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A bad beat jackpot is a standard jackpot system found in most poker rooms in the United States. It awards a (usually large) cash prize to a player with an extremely powerful hand who nonetheless has it beaten at a showdown.

Funding and Payout

In most cases, a separate rake is taken from each pot above a certain size, and deposited into a separate drop box at the table by the dealer. (In some casinos, there is only a single rake, and the jackpot is funded out of the total sum, but in most it is held separately). In nearly all cases, this extra jackpot rake is a dollar, though in some cases it may be higher, or it may be only 50 cents.

Jackpot rakes are usually not collected from very small pots or from pots which did not see a flop.

Bad beat jackpots usually also include a "backup" jackpot prize, which is funded at a slower rate than the main jackpot (say, with one dollar for every three that goes into the main jackpot). This is not awarded to any player, but is used to replace the main jackpot prize when the main jackpot is won. This is to avoid the jackpot cycling back to zero once it is won, which would be seen as quite unlucky or unfair for a player who won the jackpot only a few hours after someone else won it earlier.

After each day's jackpot rakes are collected, the casino calculates how much to raise the jackpot prize by, and announces the new jackpot amount, usually in the middle of the night. Usually, bad beat jackpots are capped at some large amount, such as $50,000. After that point, jackpot rakes are used to fund the backup jackpots more quickly, to fund more backup jackpots, or to fund additional jackpots such as high hand jackpots or monte carlo jackpots.

Generally, the bad beat jackpot amount is awarded to the entire table where the bad beat occurred, using some sort of ratios like:

  • 50% to the losing hand which qualified for the bad beat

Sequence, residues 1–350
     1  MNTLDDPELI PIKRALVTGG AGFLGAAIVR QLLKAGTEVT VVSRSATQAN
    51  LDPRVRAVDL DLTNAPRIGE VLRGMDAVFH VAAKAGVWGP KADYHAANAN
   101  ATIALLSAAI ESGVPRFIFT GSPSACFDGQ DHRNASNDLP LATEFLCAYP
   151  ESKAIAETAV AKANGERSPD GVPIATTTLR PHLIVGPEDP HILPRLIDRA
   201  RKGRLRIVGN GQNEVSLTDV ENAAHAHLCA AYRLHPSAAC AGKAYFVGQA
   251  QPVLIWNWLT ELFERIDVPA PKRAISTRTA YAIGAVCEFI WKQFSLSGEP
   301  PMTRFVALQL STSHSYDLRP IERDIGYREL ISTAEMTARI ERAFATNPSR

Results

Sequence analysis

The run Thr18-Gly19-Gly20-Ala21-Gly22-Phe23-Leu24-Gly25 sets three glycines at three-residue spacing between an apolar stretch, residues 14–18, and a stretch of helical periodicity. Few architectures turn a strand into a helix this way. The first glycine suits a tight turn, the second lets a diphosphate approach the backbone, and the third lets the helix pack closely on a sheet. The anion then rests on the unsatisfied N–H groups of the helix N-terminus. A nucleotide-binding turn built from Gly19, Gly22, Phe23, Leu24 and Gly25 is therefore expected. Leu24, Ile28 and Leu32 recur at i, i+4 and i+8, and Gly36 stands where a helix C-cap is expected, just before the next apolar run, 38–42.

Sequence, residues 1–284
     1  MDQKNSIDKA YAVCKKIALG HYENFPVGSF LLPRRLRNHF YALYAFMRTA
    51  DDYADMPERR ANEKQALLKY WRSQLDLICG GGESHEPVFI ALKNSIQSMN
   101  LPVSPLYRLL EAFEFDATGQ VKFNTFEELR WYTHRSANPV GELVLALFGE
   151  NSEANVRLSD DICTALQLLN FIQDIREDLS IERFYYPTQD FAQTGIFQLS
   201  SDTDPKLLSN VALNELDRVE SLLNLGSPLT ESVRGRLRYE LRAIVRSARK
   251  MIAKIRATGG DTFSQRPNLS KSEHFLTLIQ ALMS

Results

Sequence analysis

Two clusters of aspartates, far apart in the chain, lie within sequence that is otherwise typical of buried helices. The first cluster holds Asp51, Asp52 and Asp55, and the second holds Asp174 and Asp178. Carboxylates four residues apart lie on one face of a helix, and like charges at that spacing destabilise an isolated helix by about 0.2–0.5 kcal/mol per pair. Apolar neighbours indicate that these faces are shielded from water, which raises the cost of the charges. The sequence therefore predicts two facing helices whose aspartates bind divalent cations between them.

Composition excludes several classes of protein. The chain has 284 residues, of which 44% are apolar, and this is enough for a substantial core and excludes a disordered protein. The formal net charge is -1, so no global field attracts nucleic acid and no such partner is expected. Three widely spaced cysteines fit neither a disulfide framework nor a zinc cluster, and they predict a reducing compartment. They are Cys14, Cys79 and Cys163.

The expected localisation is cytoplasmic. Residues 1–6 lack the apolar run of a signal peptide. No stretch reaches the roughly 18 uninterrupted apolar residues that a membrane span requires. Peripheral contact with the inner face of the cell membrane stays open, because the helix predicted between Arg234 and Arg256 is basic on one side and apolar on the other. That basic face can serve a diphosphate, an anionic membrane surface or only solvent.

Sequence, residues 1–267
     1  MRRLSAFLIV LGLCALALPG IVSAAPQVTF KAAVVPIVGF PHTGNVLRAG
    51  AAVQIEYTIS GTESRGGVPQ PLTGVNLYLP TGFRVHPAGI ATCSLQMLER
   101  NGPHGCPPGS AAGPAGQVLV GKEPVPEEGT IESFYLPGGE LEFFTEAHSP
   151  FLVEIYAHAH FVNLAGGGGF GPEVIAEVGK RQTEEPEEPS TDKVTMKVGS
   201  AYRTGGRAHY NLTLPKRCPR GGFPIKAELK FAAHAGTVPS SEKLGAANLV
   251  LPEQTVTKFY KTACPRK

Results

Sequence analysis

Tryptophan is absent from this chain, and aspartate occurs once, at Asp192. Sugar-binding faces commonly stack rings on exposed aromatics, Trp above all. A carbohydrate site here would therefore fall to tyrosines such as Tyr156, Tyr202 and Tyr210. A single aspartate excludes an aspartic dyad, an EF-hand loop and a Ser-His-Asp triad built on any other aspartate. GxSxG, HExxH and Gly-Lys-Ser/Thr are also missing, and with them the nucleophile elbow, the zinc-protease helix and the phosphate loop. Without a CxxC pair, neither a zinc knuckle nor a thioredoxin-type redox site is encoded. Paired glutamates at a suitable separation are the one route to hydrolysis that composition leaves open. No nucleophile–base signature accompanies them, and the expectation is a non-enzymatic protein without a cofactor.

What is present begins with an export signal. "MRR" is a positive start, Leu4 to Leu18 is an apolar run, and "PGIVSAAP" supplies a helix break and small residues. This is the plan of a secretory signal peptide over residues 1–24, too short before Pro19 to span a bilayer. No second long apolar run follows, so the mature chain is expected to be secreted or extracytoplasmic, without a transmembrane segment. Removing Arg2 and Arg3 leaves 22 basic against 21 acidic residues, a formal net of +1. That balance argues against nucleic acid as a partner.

• 25% to the winning hand
  • 25% split equally among all other players at the table who had been dealt into the hand

Some poker rooms set different ratios, and some have slightly different rules for qualifying for the final 25% split (some say you need not be dealt in, but must be seated; others say you may even not be seated but cannot have a missed blind button in front of you - check at each room for details).

This last portion which is split equally among all other players at the table who weren't the winner or loser is called the table share.


Each poker room specifies their own conditions which would qualify as a "bad beat". A typical condition would be "Aces full of jacks or better, beaten by four of a kind or better". Notice that in many cases, the poker room will specify not only the minimum strength of the beaten hand, but also the minimum strength of the winning hand.

Some poker rooms have two or more sets of conditions, and award different amounts for different sets of conditions. They may have a "small bad beat jackpot" that is awarded when any aces-full hand is beaten, and then a "large bad beat jackpot" awarded only when a hand stronger than quad sevens is beaten.

In nearly all cases, poker rooms specify that both the winning and losing hand must use both of their hole cards to form their best five-card hand. This is to prevent situations like a board being AAAKQ, and three or four players having either a King or Queen in their hand, all claiming to have won the jackpot. In many poker rooms, when quads are involved in a bad beat jackpot, the player must have a pocket pair - though some rooms allow the player to have any two cards to make their four-of-a-kind, as long as both cards play.

Note that if a board is 777J9, a player hand such as 7K has quads with a King kicker that does play, while a hand such as 78 has quad sevens with a Jack kicker and the 8 in the player's hand does not play and will usually not qualify for a bad beat jackpot.

Other rules

Poker rooms which have been around for a while often have many other rules about their bad beat jackpots to avoid sticky situations.

In particular, it does occasionally happen that two players get "badly beaten" in a single hand (e.g. one player makes a royal flush while another makes a smaller straight flush and a third makes four of a kind). The rules generally stipulate that the highest losing hand gets the largest share of the bad beat jackpot, while the lower losing hands merely participate in the table share.

Local Variations

The rules for bad beat jackpots are not standard and vary greatly from poker room to poker room. Always check with your local floorman if you have any questions.